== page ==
Fun House by Chris Grabenstein
I have been eagerly awaiting this book and sat down to read it as soon as it came in the mail. I thought one of the nicest things I could do was to share it with you. We have had a damp, cold April, and the first week of May has been the way Dickens describes March: "Summer in the sun but winter in the shade." Unfortunately, we have not had much of any sun. This is the perfect time to read a Chris Grabenstein book and imagine summer just a little bit closer than it is.
Have you ever been to a funhouse? It is what Danny Boyle calls a participatory amusement. Danny is my favorite philosopher––camouflaged as a policeman––in fiction today. He and John Ceepak, the ex-Marine recently home from Iraq, are two of the Sea Haven, New Jersey, Police Department’s finest. Danny explains that it is not because people are subconsciously afraid to walk through Mick Jagger lips that nobody builds those rickety funhouse things any more. It is because people today like to sit in cars, after they have driven in cars to get where they are going.
The most famous "funhouse" in Sea Haven these days isn't at a carnival. It's on a rather seedy Halibut Street, where a reality TV show called Fun House is filming. The show resembles a mix of Jersey Shore and Big Brother––and maybe, as it turns out, And Then There Were None by Agatha Christie. The summer began with 10 young men and women in their twenties who love living la vida loca, spending their time high on alcohol and amour, and trying to outlast each other through exciting, drunken competitions required by the show. The last one of the housemates staggering wins a cool quarter mil. The denizens of this funhouse live by the credo that anything done is best done while out of control and best described by bleepity bleep. Naturally, the show is very popular.
The reader joins the fun during the Brewskee Ball competition, which is taking place at the Coin Castle. Skeeball is a common seaside attention on many boardwalk arcades that affords a lot of fun for a small amount of money; still a favorite of my own, I must admit. The player bowls a small ball up an alley in an attempt to hop it in to a set of rings for points, which win the player coupons redeemable for––wait for it––tiny little prizes worth a few pennies!
John Ceepak and his wife Rita are out enjoying a nice late summer evening when the four of the Fun House group are competing at Brewskee Ball and begin making themselves known to all. Paulie “The Thing,” who has made himself famous by calling himself after a horror creature and constantly flashing his awesome pecs, begins to lose to Mike Tomasino, a fella with rototiller sharp hair. An altercation ensues and the girls fan the flames. Jenny Mortadella (who has actually changed her name, apparently not realizing it means baloney) and Soozy K are there more in the cheerleader capacity.
When blood begins to flow and balls fly, Ceepak enters the fray and is memorialized on YouTube, the natural outcome of which is that the producers want him on the show.
The mayor of Sea Haven––with dollar signs in his eyes––is all for the idea, and when Danny Boyle, Ceepak's partner, suggests there is a reason for the behavior at the Coin Palace, they both see a deeper purpose for being around this group. They have hopes that it will help them solve another crime from the past. Before much can be accomplished though, Paulie “The Thing” is found brutally murdered in a Knock ’Em Down booth. To both the cops' dismay, despite the almost 24/7 camera coverage of the TV personalities for the Fun House show, Paulie had managed to elude the cameras. The in-house video cameras were supposed to be on a generator for power purposes, but it was mysteriously down and so there was no footage, and the camera crew missed him sneaking away as well.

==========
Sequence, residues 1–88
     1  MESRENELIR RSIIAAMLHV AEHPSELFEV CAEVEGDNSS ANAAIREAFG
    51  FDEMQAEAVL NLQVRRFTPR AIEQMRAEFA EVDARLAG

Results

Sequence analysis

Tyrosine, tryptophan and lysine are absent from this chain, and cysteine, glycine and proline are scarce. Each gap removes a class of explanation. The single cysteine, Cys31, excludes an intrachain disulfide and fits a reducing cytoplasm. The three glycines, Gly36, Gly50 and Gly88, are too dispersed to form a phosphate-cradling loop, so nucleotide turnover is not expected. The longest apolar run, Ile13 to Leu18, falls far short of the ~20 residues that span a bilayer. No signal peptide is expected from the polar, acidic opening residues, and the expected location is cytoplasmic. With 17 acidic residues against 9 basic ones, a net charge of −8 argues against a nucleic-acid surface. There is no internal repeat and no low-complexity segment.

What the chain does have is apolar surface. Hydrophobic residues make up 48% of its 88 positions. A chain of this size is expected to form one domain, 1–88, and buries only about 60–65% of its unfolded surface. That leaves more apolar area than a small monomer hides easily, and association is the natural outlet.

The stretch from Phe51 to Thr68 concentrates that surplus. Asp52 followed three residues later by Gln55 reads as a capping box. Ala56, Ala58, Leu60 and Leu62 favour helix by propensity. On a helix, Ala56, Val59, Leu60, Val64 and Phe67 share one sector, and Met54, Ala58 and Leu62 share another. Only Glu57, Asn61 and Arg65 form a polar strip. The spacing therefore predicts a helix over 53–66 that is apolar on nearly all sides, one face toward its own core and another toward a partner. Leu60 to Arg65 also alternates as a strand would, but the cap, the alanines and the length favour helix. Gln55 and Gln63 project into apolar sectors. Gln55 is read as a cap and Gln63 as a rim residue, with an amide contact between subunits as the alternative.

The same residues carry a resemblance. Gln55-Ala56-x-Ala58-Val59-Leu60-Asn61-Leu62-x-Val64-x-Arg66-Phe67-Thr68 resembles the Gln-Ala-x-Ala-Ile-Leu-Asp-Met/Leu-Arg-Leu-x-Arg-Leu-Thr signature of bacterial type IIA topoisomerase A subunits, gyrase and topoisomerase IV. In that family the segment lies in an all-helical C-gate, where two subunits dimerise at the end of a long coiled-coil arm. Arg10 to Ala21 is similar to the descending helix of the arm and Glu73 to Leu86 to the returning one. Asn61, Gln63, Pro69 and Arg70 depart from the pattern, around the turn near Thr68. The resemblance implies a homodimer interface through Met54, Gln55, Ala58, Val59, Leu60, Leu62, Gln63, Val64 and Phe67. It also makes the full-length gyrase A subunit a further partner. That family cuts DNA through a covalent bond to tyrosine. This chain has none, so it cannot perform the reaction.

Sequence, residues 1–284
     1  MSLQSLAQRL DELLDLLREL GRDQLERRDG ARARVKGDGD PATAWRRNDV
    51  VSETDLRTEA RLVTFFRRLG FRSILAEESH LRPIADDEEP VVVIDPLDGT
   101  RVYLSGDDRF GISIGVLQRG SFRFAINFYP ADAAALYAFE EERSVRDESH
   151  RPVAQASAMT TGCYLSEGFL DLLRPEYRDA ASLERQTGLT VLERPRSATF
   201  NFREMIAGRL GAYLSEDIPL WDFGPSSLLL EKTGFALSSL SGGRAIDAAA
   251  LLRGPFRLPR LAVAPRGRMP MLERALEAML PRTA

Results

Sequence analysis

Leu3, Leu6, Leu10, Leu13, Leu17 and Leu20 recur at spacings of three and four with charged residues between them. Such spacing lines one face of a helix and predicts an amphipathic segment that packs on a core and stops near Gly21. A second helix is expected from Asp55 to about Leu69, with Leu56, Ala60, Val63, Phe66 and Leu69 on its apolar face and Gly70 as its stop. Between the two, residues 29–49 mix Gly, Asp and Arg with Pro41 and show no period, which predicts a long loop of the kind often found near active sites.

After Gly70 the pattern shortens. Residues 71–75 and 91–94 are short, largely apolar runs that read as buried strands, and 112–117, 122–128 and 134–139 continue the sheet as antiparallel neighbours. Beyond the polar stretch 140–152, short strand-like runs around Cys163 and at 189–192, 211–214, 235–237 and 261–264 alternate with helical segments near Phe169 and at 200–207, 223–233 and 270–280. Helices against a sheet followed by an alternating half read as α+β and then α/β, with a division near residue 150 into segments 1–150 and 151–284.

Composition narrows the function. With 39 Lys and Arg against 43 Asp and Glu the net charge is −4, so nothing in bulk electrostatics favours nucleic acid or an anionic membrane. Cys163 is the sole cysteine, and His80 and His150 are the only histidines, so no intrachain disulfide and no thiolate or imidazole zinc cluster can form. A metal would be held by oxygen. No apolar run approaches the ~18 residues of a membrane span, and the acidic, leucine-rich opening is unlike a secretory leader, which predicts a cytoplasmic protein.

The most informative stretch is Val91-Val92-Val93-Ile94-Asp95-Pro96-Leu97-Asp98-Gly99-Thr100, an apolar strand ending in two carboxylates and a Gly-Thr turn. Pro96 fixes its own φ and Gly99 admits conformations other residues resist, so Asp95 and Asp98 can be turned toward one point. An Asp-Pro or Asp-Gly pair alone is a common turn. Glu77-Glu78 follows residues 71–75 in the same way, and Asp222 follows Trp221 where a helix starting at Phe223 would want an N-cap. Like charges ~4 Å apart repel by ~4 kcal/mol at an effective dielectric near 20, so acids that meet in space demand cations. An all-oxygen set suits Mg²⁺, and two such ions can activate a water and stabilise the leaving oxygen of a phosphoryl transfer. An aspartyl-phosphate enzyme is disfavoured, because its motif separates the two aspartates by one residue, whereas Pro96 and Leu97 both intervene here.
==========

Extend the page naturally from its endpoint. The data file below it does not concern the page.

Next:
Before long, there are death threats aimed at another of the remaining cast members. Motives are swirling all around. The ratings are skyrocketing, the careers of some are circling the drain while others' ambitions seem to be catching fire. Then rumors start coming out of the woodwork. This is New Jersey with Atlantic City and its gambling dens just around the corner; big money is involved in many ways.
John Ceepak is taking it one step at a time. Danny Boyle, on the other hand, is the kind of guy––as he puts it––who would rather land on a square with a chute or ladder so he can skip some of the boring moves. Maybe it is the combination of two such different personalities that works so well. In any case, when in doubt, whatever the situation––emotional, critical or just plain nostalgic––both of these guys fall back on Eastern philosophy. Eastern coast that is, as elucidated by the "Boss," Bruce Springsteen.
It is a bit too early to go to the nearest boardwalk, but when I slipped into Fun House I had what my children used to call, ungrammatically, "a really fun time." The pace was rapid, but if you read too fast you might miss some of the dryly-humorous comments that toboggan out of Danny’s mouth, guaranteed to crack you up and make you want to read the book over again to make sure nothing slid by.
What I really like about this series is that the plots are original, even when reflecting pop culture. The location is not unusual, but it is presented in an extraordinary fashion and if you have ever been "down the shore" as it is said in some parts, you feel like you are back there on vacation. The characters are complex, and if morose, not for more than a few hours.
From the Boss:
"Oh, the price you pay, oh, the price you pay
Now you can’t walk away from the price you pay"
Some of Danny’s words of wisdom––priceless!
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